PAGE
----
Confronting evil in the world

Charles Krauthammer on why the President is reluctant to use American power to confront evil


This is a RUSH transcript from "The O'Reilly Factor," August 12, 2014. This copy may not be in its final form and may be updated.

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In "Back of the Book" segment tonight, President Obama and evil. I addressed the subject last night in my "Talking Points Memo," posted on

And last week on "SPECIAL REPORT," Charles Krauthammer pointed out the President is allowing evil to run wild in the world. He joins us now from Washington.

So, we all know that this is true and the other people disagree with you and me. They are uninformed, whatever, all right.

So, this evil growing, we see it everywhere, it's gone pretty much unchecked. But, now, the why of it, the why. President Obama doesn't want to confront evil. Why not.

CHARLES KRAUTHAMMER, FOX NEWS CONTRIBUTOR: Well, I think it starts with the fact and you just go back to the series of speeches he made after being sworn in 2009 when he went abroad.

It was called the Apology Tour, but it was more of a Confessional Tour where he talked over and over again, on foreign soil, mind you, about all the sins America had committed.

You know, starting with the maltreatment of Indians, all the way to Hiroshima, the coup in Iran in 1953. He gave -- and, of course, he emphasized Iraq, the torture -- all these other things.

He says that abroad. You know that he means it. And I think he's one of the rare presidents who really thinks that America, perhaps despite its intentions -- I'm not sure I know what he thinks about that -- but, either way, that America ends up doing more harm than good.

And I think that his view of American power and he sees his role as there for restraining American power.

O'REILLY: Well, let me jump in here and --


O'REILLY: Look, you've spoken with him up close and personal, as have I, all right. He doesn't come across as an ideological nut or an uninformed man. Would you agree with that assessment.

KRAUTHAMMER: But I think you're mistaking appearances with reality.

O'REILLY: All right, maybe so.

KRAUTHAMMER: He can talk his way out of a paper bag. I'm very impressed by how Socratic and fluid he is. But I would say, Bill, judge him on what he does.

O'REILLY: OK, I'm not judging him at all. But I'm saying he doesn't come across as somebody who's irrational.

I pointed out last night that, for one solid year, since the ISIS Army seized a town, an entire town, in Syria, that President Obama and his advisors knew that this group was growing in power and ferocity, that they were the same as Adolf Hitler and his Nazi Party, that they would execute people, rape them, enslave them, do whatever they wanted to do with them.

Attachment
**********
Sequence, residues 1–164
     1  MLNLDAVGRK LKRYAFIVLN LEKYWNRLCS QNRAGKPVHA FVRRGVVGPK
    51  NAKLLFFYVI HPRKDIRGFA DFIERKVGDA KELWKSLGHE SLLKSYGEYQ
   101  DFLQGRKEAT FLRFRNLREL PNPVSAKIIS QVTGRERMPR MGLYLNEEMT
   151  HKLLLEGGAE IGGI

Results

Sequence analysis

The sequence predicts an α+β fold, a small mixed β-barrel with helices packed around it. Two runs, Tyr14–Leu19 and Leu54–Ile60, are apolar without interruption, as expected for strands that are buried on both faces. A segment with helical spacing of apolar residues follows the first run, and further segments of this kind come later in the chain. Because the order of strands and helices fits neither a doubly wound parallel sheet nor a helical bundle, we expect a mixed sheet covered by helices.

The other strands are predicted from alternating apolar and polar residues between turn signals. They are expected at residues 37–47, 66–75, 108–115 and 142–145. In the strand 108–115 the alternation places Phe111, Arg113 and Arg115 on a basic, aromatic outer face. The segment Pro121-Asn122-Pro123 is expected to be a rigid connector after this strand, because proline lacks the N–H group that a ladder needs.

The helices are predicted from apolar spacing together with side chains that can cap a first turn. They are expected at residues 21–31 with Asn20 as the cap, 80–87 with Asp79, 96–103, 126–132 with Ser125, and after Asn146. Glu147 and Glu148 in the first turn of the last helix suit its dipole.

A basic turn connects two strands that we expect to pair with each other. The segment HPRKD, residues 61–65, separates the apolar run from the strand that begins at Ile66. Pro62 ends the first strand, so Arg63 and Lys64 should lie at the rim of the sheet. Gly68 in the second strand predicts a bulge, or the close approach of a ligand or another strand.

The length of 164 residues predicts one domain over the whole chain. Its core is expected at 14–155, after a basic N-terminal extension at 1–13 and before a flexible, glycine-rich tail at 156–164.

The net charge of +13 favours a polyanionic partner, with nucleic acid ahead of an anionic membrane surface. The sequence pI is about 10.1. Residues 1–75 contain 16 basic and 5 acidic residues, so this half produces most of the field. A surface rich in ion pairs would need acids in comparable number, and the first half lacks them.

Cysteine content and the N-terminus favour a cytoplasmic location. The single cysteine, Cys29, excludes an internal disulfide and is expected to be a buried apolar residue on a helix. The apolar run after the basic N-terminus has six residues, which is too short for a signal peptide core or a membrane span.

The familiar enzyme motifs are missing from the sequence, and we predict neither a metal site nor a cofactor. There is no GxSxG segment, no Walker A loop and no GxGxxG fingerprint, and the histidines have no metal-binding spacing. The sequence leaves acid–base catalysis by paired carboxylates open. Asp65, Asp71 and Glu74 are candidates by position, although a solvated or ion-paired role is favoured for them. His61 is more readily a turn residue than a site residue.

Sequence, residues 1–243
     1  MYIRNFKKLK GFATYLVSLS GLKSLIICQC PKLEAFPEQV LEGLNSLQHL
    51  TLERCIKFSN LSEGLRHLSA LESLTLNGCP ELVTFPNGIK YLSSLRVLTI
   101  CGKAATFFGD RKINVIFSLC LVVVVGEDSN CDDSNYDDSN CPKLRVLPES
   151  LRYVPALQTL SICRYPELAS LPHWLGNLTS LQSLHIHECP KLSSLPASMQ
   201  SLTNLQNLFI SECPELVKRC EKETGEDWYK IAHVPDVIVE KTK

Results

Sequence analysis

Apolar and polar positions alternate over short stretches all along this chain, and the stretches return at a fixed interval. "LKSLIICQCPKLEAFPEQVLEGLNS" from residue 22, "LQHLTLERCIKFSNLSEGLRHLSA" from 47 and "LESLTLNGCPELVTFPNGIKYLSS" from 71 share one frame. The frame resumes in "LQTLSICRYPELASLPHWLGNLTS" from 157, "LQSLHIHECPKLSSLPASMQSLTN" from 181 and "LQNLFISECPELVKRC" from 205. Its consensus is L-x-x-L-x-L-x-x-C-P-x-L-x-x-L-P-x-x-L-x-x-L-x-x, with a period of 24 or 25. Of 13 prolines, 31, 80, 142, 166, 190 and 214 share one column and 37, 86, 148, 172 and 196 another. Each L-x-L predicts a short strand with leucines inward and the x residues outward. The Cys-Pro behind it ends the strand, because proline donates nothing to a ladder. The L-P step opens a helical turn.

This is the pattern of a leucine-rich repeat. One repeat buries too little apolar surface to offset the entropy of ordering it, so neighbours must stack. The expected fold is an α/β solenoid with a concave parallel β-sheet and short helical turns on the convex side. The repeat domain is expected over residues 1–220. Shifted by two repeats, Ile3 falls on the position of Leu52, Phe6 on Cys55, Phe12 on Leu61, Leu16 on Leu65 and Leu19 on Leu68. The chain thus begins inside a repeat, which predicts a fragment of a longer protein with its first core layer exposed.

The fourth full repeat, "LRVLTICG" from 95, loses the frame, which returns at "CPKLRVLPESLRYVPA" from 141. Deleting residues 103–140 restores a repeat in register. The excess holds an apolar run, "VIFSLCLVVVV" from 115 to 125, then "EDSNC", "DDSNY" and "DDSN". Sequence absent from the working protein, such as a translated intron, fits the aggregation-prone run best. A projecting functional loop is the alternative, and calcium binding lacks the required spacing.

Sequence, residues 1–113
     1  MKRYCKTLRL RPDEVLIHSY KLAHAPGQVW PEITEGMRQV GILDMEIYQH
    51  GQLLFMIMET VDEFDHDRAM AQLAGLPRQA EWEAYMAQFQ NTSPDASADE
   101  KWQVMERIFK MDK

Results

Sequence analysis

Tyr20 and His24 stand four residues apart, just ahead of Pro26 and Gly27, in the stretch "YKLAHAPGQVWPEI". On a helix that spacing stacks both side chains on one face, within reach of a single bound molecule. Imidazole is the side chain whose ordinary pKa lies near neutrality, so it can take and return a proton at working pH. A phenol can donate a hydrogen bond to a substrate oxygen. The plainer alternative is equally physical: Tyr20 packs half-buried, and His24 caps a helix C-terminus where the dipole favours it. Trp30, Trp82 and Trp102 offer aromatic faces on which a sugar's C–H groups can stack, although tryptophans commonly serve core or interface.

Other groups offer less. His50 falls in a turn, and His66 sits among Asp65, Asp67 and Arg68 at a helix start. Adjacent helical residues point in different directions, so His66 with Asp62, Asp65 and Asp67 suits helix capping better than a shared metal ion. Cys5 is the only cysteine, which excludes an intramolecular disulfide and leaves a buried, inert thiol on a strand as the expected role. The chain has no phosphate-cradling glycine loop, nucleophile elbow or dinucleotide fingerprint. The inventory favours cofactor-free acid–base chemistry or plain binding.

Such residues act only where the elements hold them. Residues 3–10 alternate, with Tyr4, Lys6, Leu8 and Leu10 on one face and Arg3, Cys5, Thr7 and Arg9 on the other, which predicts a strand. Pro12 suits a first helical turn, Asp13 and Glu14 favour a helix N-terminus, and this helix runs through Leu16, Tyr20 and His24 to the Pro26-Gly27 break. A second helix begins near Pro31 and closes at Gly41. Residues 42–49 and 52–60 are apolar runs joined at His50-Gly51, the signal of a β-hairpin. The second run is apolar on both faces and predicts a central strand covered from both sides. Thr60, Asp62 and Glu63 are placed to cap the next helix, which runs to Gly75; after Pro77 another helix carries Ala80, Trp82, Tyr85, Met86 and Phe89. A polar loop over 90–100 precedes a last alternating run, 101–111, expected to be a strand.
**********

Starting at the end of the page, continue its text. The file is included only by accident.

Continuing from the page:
And for one solid year, the most powerful man in the world, really the only one, who could have done damage to this group, did not do damage to it and allowed them to murder human beings at will, to grow in ferocity where they now are threatening an entire nation.

Now, I would like to put that question to President Obama and I don't believe he could answer that question.

So, it's either care about fellow human beings being slaughtered, he's too afraid to do it, or he's too apathetic to do it. There's no other explanation, or am I wrong.

KRAUTHAMMER: Well, let me propose a different explanation, added on to the one before, uncertainty about the righteousness of America by the America, about American exceptionalism.

I would add on to that the feeling that he has, that he -- and this, I would say, is a kind of narcissism.

He presented himself to the nation as the man who would end the wars. He ran for reelection, "I end wars," --


-- "I start them." And this is his self-image. That's going to be his legacy, if he has any, in history, "I ended the war in Afghanistan. I ended the war in Iraq." Now, in fact, David Petraeus ended the war in Iraq.


And Obama created the conditions for the rekindling of the war. But that's fact. In his mind, he was committed to a policy of, "Hands off. We're not going to get into Syria. We're not going to get back into Iraq. I'm the peacemaker. I won the Nobel on the presumption that I'm the man who takes us out of wars."

So, to act forcefully, to act decisively would have been a contradiction of the self-image and of the image he wants history to read and the American people to see.

O'REILLY: All right, that's good. That's good. That's good, Charles. I can't argue with that. It could be very well true.

Charles Krauthammer, "Things that Matter," another good summer read, still a bestseller. We appreciate you coming on.


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